Language is one of the fundamental bases of human intelligence and a key part of human culture. Physiology of Language
<ul><li>The primary brain areas concerned with language </li></ul><ul><li>are arrayed along and near the sylvian fissure (lateral cerebral sulcus) of the categorical hemisphere. </li></ul><ul><li>A region at the posterior end of the superior temporal gyrus called Wernicke’s area is concerned with comprehension of auditory and visual information. </li></ul><ul><li>It projects via the arcuate fasciculus to Broca’s area (area 44) in the frontal lobe. </li></ul>Anatomy of language areas
<ul><li>Broca’s area processes the information received from Wernicke’s area into a detailed and coordinated pattern for vocalization </li></ul><ul><li>and then projects the pattern via a speech articulation area in the insula to the motor cortex, which initiates the appropriate movements of the lips, tongue, and larynx to produce speech. </li></ul><ul><li>The angular gyrus behind Wernicke’s area appears to process information from words that are read in such a way that they can be converted into the auditory forms of the words in Wernicke’s area. </li></ul>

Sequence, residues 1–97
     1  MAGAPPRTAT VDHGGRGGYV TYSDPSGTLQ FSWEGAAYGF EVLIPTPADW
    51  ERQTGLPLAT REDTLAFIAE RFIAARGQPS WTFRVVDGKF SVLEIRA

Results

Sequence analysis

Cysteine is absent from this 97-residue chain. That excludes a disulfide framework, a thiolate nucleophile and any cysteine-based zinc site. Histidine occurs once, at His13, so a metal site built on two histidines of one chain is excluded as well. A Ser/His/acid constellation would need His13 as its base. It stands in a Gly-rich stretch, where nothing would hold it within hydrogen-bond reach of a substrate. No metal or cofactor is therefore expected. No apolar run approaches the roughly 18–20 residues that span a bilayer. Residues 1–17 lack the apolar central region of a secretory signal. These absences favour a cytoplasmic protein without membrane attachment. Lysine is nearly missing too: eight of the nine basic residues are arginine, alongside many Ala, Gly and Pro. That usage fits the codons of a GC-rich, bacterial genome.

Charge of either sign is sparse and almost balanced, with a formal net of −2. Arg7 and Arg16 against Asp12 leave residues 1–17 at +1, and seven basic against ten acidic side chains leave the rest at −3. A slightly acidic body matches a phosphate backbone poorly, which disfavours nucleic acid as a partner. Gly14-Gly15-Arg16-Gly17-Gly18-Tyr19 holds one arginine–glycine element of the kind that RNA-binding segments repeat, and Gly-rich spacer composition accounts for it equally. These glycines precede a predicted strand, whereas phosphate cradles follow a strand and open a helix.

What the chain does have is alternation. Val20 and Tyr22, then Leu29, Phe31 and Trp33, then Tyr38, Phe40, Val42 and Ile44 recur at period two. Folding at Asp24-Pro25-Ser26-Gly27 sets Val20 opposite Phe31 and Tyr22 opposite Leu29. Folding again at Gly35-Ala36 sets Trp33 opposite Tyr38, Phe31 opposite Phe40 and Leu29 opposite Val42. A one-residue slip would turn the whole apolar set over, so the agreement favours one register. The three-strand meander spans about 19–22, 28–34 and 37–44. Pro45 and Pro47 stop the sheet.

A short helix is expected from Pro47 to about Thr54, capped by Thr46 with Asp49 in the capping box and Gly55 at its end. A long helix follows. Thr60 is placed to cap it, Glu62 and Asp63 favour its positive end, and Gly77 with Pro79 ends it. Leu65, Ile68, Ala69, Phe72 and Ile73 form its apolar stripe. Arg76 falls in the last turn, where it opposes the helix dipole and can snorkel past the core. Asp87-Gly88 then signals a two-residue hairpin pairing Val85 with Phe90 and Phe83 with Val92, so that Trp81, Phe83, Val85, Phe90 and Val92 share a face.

The probable sequence of events when a subject names a visual object (horizontal section of hum- an brain)
<ul><li>It is interesting that in individuals who learn a second language in adulthood, </li></ul><ul><li>fMRI reveals that the portion of Broca’s area concerned with it is adjacent to but separate from the area concerned with the native language. </li></ul><ul><li>However, in children who learn two languages early in life, there is only a single area involved with both. </li></ul>
Aphasias <ul><li>Aphasias are abnormalities of language functions that are not due to defects of vision or hearing or to motor paralysis. They are caused by lesions in the categorical hemisphere. </li></ul><ul><li>The most common cause is embolism or thrombosis of a cerebral blood vessel. </li></ul><ul><li>Fluent, nonfluent, and anomic aphasias. </li></ul>
<ul><li>In nonfluent aphasia (EXPRESSIVE APHASIA, ANTERIOR APHASIA) </li></ul><ul><li>the lesion is in Broca’s area </li></ul><ul><li>Speech is slow, and words are hard to come by. </li></ul><ul><li>Patients with severe damage to this area are limited to two or three words with which to express the whole range of meaning and emotion. </li></ul><ul><li>The words retained are those which were being spoken at the time of the injury or vascular accident that caused the aphasia. </li></ul>